Are you nostalgic for a time that's before your time? Tired of the same old "in-your-face", aggro-induced tunes?
Are you a big dork? Ever been in love?
Well then, give pop punk a shot!
Now, I ain't talkin' about any of that mall-core bullshit, people. This is the good stuff. Think late eighties/early nineties
Lookout! Records bands. Sixties-influenced pop songs, by guitar players who graduated from the Johnny Ramone
School for Young Boys. People who probably worship Buddy Holly, The Beach Boys, and Tommy James. People who
are, most likely, good candidates for carpel tunnel syndrome.
This comp features four bands, with four tracks from each (hence the name), and two-and-a-half of them just so happen to be
from Youngstown, Ohio!
First up, Florida's The Hi-Life, whose bass player and drummer actually hail from the Y-Town area originally, hit us
with their quadruple sonic assault, including the quirky little ditty "Myke Hollywood", a song about the Johnie 3 member
of the same name. The lyrics make him out to be a lot tougher than he probably really is. He is cool, though. It's
a fast and catchy song, and the other three are just as pleasant to the ear drums.
Speak of the devil! Next we have Johnie 3 themselves, Yompton's very own power trio, with 4 very well-crafted Riverdales-sounding
instant classics. These are some of my favorite songs by this band, especially "Untitled", which should really just be called
"Stupid, White Trash Fucking Whore", since it's only one of the two lines in it, and I can't quite get what the other one
is ("I've got your name tattooed"??). Which sucks, because I hate humming non-verbals for two days on end.
The third stop on our tour, the slightly less happy-sounding Peabodys, play power-pop tunes with just a hint
of garage rock. My favorite is probably the attitude-drenched "Don't Blame Me", with the country song "She Left My Heart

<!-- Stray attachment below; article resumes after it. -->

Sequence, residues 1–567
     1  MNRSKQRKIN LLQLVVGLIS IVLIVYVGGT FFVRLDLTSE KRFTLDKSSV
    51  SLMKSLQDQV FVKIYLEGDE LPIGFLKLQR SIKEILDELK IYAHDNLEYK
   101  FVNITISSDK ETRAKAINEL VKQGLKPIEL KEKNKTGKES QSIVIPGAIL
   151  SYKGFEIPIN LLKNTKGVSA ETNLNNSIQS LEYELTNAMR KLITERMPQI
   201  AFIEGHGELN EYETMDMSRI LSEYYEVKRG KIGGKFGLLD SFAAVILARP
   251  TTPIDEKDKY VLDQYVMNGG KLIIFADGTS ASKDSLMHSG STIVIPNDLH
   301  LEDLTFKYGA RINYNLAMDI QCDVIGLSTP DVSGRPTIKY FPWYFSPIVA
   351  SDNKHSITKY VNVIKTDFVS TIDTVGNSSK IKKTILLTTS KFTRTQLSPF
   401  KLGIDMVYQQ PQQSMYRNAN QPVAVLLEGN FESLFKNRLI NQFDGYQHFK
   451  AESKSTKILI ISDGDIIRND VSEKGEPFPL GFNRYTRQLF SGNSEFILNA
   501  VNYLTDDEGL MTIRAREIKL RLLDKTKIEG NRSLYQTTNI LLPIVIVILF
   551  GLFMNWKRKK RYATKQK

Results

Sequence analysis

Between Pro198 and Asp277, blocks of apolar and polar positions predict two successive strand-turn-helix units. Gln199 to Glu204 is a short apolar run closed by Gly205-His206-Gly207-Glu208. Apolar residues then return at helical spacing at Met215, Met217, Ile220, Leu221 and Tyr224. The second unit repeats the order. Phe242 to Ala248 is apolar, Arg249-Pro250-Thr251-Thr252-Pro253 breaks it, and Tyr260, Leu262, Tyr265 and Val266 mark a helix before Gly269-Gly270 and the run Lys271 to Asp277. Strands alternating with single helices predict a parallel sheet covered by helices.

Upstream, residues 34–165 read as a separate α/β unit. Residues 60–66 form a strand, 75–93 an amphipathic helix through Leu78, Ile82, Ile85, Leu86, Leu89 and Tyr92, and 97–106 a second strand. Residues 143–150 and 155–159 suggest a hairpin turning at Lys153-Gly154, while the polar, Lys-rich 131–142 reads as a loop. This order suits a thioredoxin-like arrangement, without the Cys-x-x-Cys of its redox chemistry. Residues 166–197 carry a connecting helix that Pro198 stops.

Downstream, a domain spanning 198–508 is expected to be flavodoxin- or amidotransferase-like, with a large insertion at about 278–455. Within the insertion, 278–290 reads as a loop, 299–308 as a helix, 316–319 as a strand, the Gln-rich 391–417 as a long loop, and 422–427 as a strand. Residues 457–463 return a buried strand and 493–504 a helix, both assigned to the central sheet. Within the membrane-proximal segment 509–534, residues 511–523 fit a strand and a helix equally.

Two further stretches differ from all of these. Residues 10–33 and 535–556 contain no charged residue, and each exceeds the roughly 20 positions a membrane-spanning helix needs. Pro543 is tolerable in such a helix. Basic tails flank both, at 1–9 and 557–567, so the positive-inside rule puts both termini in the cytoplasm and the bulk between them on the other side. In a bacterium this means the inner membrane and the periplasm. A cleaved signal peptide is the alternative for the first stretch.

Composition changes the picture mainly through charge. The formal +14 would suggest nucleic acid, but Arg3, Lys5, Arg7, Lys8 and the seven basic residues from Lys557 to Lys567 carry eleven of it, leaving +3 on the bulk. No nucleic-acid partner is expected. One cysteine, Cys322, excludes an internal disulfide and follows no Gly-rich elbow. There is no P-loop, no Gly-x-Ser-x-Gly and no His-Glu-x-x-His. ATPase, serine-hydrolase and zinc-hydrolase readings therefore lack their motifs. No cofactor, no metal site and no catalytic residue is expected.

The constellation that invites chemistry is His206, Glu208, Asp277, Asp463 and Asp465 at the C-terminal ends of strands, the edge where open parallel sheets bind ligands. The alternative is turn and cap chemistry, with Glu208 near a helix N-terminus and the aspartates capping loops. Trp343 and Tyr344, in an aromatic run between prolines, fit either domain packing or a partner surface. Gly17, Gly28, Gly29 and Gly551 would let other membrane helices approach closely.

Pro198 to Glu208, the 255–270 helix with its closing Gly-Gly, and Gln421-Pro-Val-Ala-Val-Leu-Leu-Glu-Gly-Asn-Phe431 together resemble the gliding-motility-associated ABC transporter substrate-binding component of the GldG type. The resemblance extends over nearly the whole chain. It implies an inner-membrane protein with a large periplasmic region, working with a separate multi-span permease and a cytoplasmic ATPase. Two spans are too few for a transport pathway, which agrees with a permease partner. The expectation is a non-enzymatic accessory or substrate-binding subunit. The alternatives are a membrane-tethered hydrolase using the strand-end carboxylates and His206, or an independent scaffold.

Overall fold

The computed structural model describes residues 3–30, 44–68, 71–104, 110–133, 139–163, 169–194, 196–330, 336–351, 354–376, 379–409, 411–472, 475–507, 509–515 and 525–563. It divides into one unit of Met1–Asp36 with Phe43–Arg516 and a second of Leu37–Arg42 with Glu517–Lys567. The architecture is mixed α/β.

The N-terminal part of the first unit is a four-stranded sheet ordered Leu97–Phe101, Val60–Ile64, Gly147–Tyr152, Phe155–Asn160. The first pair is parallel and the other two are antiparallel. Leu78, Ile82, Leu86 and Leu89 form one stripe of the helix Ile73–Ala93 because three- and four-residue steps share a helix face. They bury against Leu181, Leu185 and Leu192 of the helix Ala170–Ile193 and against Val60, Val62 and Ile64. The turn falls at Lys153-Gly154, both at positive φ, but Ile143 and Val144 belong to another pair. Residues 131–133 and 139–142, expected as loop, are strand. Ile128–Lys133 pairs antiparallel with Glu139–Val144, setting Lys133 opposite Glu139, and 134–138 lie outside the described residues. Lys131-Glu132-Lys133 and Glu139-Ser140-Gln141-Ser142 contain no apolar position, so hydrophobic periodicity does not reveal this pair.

in San Francisco" running a close second. The latter, which the liner notes reveal was recorded in the upstairs bathroom
of singer/guitarist Eric Peabody, isn't even musically "punk rock". You could put it on any mix CD with songs by George
Jones, Hank Williams, Johnny Cash, and Patsy Cline, and not even realize a punk band from Oregon were behind it.
Unless you started listening to the lyrics...
Last but not least are The Hollywood Blondes. Queers comparisons wouldn't be out-of-the-question. Joe King
would be proud. Don't expect blatant filth, though, as these are relatively family-friendly songs, whereas the Queers offend
damn near anyone who isn't at least mentally fourteen-years-old. The Blondes keep it pretty clean by comparison, aside
from the occasional f-bomb, while still down-stroking their guitar strings at breakneck speed. "Bad Habit" is the best one,
for sure. Songs about booze are always welcome. Stiv sounds just like Kill the Musicians-era Ben Foster
on that one. Keep an eye out for these guys.
I know a lot of people who won't even give this type of music a chance. But let's not forget that this is meant to be fun
music. Just fucking relax. If you don't like stuff like this, you probably just don't like rock and roll. You've probably
never got excited while listening to the oldies station. You've probably got a huge chip on your shoulder, or maybe you're
just not confident in your own amount of "punkness". Or maybe you're just a big turd.
Whatever the case, you've gotta admit, some of the best bands in punk's first and second wave were pop music fans, and their
music definitely reflected this. Just listen to bands like The Buzzcocks, The Pointed Sticks, The Boys, Blondie, Wreckless
Eric, The Dickies, The Misfits, The Damned, The Saints, The Undertones, Generation X, The Rezillos, and, of course, The
Ramones. If you're a fan of any of these bands, or even early rock and roll bands, sixties American pop or garage, Brit
invasion, girl groups, doo-wop, etc., there's no reason why you shouldn't be into this kinda shit. Quit making up stupid
rules. If you don't like it, fine. But don't discredit these bands, because they probably know a lot more than you do about
the roots of your music. Just shut up already.
Thanks to Tommy Teabagger for additional insight.